Looking for geo-directional DNS service

jgreco@ns.sol.net (Joe Greco) writes:
> ...
> So, anyways, would it be entertaining to discuss the relative merits of
> various DNS implementations that attempt to provide geographic answers
> to requests, versus doing it at a higher level? (I can hear everyone
> groaning now, and some purist somewhere probably having fits)

off topic. see <http://lists.oarci.net/mailman/listinfo/dns-operations>.

Possibly, but I found myself removed from that particular party, and the
request was on NANOG, not on dns-operations. I was under the impression
that dns-operations was for discussion of DNS operations, not
implementation choices. Whether NANOG is completely appropriate remains
to be seen; I haven't heard a ML complaint though. There would ideally
be a list for implementation and design of such things, but I've yet to
see one that's actually useful, which is, I suspect, why NANOG got a
request like this.

Besides, if you refer back to the original message in this thread, where I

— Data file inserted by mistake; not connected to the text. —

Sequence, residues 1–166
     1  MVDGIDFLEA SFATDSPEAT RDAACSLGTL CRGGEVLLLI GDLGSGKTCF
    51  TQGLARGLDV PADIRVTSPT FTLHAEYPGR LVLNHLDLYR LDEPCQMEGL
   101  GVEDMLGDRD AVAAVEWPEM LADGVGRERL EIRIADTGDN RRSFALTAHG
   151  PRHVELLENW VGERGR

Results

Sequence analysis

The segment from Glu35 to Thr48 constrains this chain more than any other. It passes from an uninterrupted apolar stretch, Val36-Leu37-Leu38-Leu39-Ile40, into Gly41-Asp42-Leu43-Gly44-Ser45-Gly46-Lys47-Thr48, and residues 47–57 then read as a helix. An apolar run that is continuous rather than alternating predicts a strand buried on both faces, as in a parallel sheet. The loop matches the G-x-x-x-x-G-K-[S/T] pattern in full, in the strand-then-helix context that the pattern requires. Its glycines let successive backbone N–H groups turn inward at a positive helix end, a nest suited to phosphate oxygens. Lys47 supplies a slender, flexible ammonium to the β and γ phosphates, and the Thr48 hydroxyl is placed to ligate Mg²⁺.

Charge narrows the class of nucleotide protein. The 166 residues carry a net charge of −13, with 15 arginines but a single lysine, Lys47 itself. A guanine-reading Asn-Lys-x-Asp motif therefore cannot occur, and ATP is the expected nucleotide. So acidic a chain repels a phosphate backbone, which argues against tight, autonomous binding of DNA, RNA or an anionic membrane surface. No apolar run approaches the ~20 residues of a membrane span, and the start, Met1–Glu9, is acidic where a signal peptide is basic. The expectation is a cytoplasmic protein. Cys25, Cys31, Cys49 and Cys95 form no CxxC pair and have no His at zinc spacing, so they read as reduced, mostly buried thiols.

was driving would be much closer to being related to what the OP was
interested in.

Hank was saying:

What I am looking for is a commercial DNS service.
Another service I know about is the Ultradns (now Neustar) Directional DNS:
But this service is based on statically defined IP responses at each of
their 14 sites so there is no proximity checking done.

So there are three basic ways to go about it,

1) Totally static data (in which case anycast and directionality are not a
   consideration, at least at the DNS level), which does not preclude doing
   things at a higher level.

2) Simple anycast, as in the Directional DNS service Hank mentioned, which
   has thoroughly been thrashed into the ground as to why it ain't great,
   which it seems Hank already understood.

3) Complex DNS implementations. Such as ones that will actually do active
   probes, etc. Possibly combined with 1) even.

I was trying to redirect the dead anycast horse beating back towards a
discussion of the relative merits of 1) vs 3). The largest problems with
3) seem to revolve around the fact that you generally have no idea where
a request /actually/ originated, and you're pinning your hopes on the
client's resolver having some vague proximity to the actual client.
Redirection at a higher level is going to be desirable, but is not always
possible, such as for protocols like NNTP.

I'm happy to be criticized for guiding a conversation back towards being
relevant... :slight_smile:

... JG